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The Church of Jesus Christ of Latter-day Saints
Elder Bruce Hafen was called as president of the St. George Temple. June 2010.

SALT LAKE CITY — Bruce and Marie Hafen first came face to face with a lot of church history challenges and doctrinal questions in a 1960s Brigham Young University religion class titled "Your Religious Problems" taught by B. West Belnap, the school's Dean of Religion.

Belnap often let his students struggle and reach their own conclusions, although he knew just when and how to guide with an occasional nudge, the Hafens said.

"It was a blessing to explore these questions together in an attitude of mutual trust," the Hafens wrote in their book titled "Faith Is Not Blind" (Deseret Book, 135 pages). "He was teaching us how to be good students of the gospel even as he helped us strengthen our faith in it. That class helped us to see that 'faith is not blind.'"

Provided by Deseret Book
"Faith Is Not Blind" is by Bruce C. Hafen and Marie K. Hafen.

Little did they know that five decades later, the husband-wife writing team would draw upon that experience in writing "Faith Is Not Blind," which they hope will help people dealing with unsettling information, uncertainty or doubts related to their faith in The Church of Jesus Christ of Latter-day Saints.

Encountering surprises and uncertainties is actually part of faith's natural growth process. Working through such opposition is the only way to develop authentic, well-tested spiritual maturity, said Elder Hafen, who served as a General Authority Seventy before he was given emeritus status in 2010.

"Our purpose is to talk about how can we learn from hard experiences, things that are complicated and difficult in general, with church issues included because they're so important, instead of being disillusioned by them," Elder Hafen told the Deseret News. "All we're saying is, look this is going to happen all the time, get used to it. It's how we learn and grow. It's as old as Adam and Eve. See it as a positive process."

Life experience has uniquely prepared the Hafens to tackle such a topic with young people. In addition to his service as a general authority, Elder Hafen was the president of BYU-Idaho, the dean of BYU Law School and provost at BYU. The Hafens recently served as president and matron of the St. George Utah Temple.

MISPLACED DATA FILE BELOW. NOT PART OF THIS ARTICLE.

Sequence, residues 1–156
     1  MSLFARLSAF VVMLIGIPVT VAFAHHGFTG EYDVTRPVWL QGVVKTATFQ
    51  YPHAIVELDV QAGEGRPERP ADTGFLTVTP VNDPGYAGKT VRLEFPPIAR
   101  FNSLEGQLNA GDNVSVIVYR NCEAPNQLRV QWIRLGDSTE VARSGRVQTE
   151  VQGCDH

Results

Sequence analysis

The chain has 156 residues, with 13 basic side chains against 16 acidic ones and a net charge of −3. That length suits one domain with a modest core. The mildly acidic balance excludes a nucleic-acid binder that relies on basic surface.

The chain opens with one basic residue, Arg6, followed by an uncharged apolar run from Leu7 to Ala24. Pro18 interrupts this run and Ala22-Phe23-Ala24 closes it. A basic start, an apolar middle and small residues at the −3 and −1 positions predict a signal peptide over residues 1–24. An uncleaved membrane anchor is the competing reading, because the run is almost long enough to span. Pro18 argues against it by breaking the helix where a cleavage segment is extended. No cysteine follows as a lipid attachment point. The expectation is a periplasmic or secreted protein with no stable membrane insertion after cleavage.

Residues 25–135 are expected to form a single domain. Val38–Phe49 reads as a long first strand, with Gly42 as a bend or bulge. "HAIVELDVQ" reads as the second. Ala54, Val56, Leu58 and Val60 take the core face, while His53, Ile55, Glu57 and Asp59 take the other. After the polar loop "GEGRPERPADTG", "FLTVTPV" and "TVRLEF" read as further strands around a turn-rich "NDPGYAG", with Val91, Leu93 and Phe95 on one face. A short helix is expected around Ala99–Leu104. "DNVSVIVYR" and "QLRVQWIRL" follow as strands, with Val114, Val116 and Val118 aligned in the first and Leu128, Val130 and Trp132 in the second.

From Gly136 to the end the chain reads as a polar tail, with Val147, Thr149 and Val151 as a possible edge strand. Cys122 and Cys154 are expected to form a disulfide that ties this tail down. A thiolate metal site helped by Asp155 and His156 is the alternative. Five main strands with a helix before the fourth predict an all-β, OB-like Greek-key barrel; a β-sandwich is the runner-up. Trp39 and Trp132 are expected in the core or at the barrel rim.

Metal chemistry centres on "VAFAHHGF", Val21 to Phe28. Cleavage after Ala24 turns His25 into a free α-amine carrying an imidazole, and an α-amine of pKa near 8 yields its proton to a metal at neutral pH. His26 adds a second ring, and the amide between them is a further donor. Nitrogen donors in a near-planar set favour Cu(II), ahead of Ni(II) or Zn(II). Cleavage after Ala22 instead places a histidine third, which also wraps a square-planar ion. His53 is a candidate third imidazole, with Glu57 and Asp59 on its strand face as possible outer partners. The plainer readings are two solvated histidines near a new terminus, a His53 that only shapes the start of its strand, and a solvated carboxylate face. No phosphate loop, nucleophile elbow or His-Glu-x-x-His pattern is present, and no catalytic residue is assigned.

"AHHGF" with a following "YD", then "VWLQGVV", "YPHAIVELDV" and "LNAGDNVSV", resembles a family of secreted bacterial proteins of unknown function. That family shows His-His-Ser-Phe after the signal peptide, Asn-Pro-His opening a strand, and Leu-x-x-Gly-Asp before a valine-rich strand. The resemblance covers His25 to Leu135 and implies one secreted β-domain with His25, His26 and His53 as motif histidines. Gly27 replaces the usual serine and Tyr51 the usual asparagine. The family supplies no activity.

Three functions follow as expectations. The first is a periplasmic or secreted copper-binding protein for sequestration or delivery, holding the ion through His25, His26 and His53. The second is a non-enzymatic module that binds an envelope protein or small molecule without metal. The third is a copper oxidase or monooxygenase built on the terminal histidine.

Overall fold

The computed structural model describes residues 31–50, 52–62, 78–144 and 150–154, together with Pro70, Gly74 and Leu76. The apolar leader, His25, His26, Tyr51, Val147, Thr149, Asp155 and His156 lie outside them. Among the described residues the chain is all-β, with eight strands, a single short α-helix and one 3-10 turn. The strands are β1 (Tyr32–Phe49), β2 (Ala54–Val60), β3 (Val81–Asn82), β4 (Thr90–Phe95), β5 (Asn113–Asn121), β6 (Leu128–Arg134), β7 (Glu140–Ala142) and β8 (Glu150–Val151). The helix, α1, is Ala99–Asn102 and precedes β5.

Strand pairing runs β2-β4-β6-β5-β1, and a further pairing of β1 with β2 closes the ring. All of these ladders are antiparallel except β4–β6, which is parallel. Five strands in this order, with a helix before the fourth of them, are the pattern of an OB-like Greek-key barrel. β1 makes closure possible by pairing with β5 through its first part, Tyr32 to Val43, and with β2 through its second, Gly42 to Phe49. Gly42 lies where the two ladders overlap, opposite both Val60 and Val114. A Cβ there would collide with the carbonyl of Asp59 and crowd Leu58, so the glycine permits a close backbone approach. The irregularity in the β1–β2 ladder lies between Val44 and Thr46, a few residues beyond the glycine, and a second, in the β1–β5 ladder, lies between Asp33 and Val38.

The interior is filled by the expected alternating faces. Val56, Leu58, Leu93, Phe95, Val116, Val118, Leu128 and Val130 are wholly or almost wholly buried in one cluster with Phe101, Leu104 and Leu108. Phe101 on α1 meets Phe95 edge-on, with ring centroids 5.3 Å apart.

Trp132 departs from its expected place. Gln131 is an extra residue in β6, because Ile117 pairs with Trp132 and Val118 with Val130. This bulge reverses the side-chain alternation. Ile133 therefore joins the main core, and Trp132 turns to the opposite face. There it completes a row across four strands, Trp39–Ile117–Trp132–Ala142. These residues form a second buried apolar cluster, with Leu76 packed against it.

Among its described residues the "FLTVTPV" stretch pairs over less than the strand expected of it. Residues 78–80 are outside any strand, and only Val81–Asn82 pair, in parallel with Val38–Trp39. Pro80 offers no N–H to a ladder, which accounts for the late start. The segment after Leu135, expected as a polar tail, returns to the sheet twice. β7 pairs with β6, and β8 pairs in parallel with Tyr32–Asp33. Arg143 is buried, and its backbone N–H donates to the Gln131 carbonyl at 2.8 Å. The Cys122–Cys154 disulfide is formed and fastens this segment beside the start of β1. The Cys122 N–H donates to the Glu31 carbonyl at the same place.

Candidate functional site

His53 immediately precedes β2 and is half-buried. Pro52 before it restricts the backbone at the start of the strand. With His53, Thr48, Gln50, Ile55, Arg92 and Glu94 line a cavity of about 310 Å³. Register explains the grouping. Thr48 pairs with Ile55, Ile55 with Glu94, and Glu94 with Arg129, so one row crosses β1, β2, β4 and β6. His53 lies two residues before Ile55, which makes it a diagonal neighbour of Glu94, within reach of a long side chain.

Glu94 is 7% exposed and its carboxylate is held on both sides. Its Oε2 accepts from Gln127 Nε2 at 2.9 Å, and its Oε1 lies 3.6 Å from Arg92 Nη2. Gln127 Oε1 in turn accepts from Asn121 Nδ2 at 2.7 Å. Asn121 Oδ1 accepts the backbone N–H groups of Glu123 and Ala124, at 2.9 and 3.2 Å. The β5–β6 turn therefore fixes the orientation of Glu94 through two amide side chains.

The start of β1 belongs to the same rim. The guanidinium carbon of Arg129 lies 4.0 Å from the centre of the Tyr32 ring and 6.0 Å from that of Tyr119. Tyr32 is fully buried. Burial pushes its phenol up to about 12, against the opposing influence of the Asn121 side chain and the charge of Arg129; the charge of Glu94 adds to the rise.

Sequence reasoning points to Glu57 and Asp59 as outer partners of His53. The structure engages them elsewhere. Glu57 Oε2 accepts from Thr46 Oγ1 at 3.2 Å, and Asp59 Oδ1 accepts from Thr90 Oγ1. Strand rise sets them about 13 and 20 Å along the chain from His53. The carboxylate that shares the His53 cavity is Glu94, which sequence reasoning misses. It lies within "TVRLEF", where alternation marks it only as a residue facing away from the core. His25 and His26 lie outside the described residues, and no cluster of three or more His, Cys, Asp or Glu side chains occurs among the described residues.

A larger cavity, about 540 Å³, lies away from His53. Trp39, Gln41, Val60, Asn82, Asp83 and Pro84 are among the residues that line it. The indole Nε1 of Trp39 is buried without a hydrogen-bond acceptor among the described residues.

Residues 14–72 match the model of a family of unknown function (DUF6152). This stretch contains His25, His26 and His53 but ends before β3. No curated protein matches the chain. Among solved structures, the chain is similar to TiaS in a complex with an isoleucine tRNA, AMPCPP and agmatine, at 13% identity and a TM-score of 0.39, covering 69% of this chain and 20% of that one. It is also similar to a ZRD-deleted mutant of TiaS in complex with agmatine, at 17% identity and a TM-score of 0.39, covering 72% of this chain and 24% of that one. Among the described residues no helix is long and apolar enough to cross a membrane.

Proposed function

Sister Marie K. Hafen has also had opportunities to interact with young people. She taught at BYU-Idaho, the University of Utah and at the BYU campus in Provo. She also served on the Young Women general board.

The motivation behind "Faith Is Not Blind" began with a BYU-Idaho devotional address Elder Hafen delivered in 1979 titled "On Dealing with Uncertainty."

With the advent of the internet, people discovered and circulated the Elder Hafen's 1979 devotional remarks, grateful for its message.

"It seemed to really strike a nerve with people who had questions about testimony and faith because it presented a way of thinking about it that seemed helpful and fresh," Elder Hafen said. "We've been toying for years with that, letting that grow and wanting to learn more about what's going on here."

" "All of us will need to deal with the things that are hardest for us. It helps us to know that God planned it this way. So both of us, in the midst of our own complexities, want to say — bring it on. I'll give the Lord a chance to show me that faith is not blind."  "
Elder Bruce C. Hafen and Sister Marie K. Hafen

The Hafens conducted "a field test" on the topic when they spoke at a BYU-Hawaii devotional in 2017. What they shared became chapters two and three of the book. They also viewed their target audience as millennials and younger or people who influence millennials and younger, Sister Hafen said.